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Concussions

About Concussions

A concussion is commonly known as a mild Traumatic Brain Injury that can result in a temporary or lasting disruption of normal brain function. A concussion is the result of a blow to the head or body that causes the brain to be violently rocked back and forth or twisted inside the skull. Concussion symptoms can last from a few days to several months. In some cases, they may never go away. Concussions symptoms can interfere with school, work, and social life.

What Are Some of the Indicators of Concussion?

While concussions can have many different symptoms, some people may experience only a few. It’s important to understand that every concussion is different. If you believe your student might have a concussion, you should consult a physician immediately. In the meantime, here are some things to look for:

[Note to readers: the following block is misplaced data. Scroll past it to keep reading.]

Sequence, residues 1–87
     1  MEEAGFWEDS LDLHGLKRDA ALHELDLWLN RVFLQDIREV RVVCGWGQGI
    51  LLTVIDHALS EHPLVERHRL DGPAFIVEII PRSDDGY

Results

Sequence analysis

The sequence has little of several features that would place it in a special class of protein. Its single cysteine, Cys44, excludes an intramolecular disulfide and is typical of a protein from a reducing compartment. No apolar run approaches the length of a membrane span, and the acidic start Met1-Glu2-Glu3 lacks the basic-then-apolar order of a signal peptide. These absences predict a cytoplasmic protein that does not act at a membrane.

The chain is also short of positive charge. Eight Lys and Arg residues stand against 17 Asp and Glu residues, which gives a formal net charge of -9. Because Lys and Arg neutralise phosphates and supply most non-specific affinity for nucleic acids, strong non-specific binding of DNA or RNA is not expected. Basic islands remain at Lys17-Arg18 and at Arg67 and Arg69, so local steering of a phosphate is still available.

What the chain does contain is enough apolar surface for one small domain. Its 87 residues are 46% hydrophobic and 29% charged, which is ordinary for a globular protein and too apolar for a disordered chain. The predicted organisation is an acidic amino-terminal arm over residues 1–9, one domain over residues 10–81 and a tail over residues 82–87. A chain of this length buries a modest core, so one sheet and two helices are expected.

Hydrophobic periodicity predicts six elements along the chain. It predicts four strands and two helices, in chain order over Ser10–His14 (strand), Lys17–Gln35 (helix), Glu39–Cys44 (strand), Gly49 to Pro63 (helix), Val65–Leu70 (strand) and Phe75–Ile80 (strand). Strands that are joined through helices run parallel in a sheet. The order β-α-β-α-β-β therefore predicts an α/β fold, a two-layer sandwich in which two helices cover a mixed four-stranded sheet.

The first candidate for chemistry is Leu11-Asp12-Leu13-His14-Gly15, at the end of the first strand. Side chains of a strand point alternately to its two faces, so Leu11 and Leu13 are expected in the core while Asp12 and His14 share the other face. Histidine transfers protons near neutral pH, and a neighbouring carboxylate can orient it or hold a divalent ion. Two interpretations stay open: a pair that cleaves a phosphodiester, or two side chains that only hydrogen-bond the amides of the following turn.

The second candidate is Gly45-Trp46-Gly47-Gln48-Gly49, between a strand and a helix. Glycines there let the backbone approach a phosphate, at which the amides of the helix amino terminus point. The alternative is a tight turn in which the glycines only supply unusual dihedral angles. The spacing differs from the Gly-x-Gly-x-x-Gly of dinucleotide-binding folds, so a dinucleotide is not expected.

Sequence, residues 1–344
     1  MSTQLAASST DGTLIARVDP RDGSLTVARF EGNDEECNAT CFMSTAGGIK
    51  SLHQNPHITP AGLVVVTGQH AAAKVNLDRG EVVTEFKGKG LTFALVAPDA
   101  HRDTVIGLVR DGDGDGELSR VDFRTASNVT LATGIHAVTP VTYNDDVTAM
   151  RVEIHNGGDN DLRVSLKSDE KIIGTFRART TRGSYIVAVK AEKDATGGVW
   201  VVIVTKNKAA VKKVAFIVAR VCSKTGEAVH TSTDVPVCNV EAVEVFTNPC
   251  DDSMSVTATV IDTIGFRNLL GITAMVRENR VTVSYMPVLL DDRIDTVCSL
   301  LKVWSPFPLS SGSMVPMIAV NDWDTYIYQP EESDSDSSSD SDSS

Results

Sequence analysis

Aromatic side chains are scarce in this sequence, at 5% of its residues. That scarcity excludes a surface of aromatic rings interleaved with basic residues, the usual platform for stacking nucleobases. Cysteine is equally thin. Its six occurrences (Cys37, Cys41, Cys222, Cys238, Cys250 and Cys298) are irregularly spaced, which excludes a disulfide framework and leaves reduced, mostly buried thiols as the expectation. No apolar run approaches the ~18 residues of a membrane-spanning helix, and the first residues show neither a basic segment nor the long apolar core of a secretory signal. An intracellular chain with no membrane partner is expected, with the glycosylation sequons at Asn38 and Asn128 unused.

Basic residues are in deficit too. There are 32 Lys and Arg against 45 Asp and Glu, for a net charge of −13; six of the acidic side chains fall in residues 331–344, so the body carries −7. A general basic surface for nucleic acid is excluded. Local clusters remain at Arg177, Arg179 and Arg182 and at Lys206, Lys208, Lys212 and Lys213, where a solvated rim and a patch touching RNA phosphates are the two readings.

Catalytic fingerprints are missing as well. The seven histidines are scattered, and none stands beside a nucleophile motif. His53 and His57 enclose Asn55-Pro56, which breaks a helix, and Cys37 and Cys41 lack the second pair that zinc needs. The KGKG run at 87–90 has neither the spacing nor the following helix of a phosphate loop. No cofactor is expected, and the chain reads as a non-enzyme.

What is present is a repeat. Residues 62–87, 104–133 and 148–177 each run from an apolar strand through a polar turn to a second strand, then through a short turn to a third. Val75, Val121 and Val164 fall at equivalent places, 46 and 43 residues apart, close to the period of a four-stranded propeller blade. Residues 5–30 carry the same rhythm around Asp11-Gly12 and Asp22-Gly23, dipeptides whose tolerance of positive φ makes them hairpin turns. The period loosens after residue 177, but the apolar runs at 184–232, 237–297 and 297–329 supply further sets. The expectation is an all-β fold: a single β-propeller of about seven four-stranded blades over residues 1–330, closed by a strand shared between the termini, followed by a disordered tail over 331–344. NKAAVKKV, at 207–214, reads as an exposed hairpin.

• Dizziness
  • Headaches
  • Balance problems
  • Disorientation
  • Nausea
  • Difficulty remembering
  • Confusion
  • Behavior or personality changes
  • Sensitivity to light
  • Sleep problems
  • Fatigue
  • Vision changes
  • Hearing changes
  • Decreased attention
  • Increased irritability
  • Feeling sluggish or foggy

Refer a Child for an Evaluation

Cascade Regional Services are accessed through the local early intervention unit or educational agency where the child attends school.

How to refer a child

Cascade Regional Program – Contact

Program Administrator:
Cindy Madden
541.812.2770
Email

Admin. Assistant:
Lisa Schoen
541.812.2771
Email